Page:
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I’m reading an interesting book called “The Advantage” by Patrick Lencioni. In the book, he talks about the importance of organizational health. We don’t often focus on organizational health, even though most of us know how bad it is to be part of an unhealthy organization. Most of the time, we focus on things like strategy, information, techniques, technology, and the like. But Lencioni argues that what differentiates successful organizations from unsuccessful ones is the health of the organization.

This makes sense, if you think about it. If you’re a healthy organization, you can work together, learn from your mistakes, and access the information and technology that you need. But if you are an unhealthy organization, mired in confusion and politics, no amount of information will save you.

2 Keys of Organizational Health

There are two key aspects of organizational health: cohesion and clarity.

Cohesion

First, it is important to build cohesion in the leadership team. The leadership team doesn’t have to be best friends with each other, but there needs to be a baseline level of trust and connection on the team. The leadership team has to be honest with one another and work through interpersonal issues when they arise. “Cohesion killers” such as political maneuvering and passive-aggressive behavior must be addressed and worked through.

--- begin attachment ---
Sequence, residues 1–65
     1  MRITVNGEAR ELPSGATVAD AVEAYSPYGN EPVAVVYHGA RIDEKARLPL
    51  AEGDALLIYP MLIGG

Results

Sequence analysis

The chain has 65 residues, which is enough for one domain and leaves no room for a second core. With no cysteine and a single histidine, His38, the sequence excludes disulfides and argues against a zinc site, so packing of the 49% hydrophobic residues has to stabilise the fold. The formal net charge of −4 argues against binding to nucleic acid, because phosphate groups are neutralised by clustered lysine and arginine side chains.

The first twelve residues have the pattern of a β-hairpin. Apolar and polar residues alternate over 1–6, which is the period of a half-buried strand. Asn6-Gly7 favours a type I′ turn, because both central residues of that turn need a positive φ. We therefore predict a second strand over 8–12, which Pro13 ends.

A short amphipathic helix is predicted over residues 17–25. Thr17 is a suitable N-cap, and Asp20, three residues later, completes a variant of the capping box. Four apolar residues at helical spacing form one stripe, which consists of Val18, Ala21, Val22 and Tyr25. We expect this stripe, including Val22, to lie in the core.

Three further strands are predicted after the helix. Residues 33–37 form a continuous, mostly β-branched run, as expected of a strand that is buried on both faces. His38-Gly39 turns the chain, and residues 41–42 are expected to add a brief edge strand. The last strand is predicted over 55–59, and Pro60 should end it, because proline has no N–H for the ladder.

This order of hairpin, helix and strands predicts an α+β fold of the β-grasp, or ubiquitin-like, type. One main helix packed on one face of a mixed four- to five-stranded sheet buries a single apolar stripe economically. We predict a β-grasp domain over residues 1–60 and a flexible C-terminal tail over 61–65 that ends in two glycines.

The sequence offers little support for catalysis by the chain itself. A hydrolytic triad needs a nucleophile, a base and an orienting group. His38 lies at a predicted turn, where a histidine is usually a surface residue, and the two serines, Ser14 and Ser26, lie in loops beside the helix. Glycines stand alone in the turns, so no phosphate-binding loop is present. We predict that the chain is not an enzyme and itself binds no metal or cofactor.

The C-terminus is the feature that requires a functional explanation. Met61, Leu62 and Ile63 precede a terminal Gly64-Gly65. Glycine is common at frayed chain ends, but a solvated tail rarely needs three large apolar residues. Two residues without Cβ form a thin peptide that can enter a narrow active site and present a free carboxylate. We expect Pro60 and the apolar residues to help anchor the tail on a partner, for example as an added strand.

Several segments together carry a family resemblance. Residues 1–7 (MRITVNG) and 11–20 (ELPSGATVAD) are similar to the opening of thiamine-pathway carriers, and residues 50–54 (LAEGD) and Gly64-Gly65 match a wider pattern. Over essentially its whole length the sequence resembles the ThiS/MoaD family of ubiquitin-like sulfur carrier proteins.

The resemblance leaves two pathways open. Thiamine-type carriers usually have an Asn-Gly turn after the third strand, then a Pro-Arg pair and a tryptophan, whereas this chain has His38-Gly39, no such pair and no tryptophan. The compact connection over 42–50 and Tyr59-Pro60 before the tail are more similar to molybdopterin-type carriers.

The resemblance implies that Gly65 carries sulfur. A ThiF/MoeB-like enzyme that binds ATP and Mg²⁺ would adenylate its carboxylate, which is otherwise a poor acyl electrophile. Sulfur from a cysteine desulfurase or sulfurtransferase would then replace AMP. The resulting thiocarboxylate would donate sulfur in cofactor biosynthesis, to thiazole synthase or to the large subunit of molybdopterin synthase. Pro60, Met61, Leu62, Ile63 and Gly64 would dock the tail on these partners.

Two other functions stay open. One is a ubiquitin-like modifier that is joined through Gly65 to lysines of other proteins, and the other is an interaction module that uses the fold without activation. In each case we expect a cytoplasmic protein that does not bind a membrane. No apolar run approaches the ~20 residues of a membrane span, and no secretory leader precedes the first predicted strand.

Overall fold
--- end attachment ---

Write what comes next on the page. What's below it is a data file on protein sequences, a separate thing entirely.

Clarity

Second, it is important to have clarity about the key values and goals of the organization. Every person on the leadership team needs to be crystal clear about what is important to the organization, and what direction the organization is headed. Then, these key values and goals need to be communicated to the rest of the organization so everyone is on the same page. You can’t over-communicate about these things—clarity happens through repetition and reinforcement.

How is Your Organization Doing?

Take a few minutes and think about the organization you are a part of. How cohesive is the leadership team? Is everyone on the same page? Can you work through difficult issues when they come up? Or are interpersonal problems swept under the rug?

Also, how clear is the vision of the organization? Can everyone clearly state the mission and values of the organization? Are these pillars of the organization communicated clearly to everyone? What is one thing your organization could do to work on cohesion and/or clarity?

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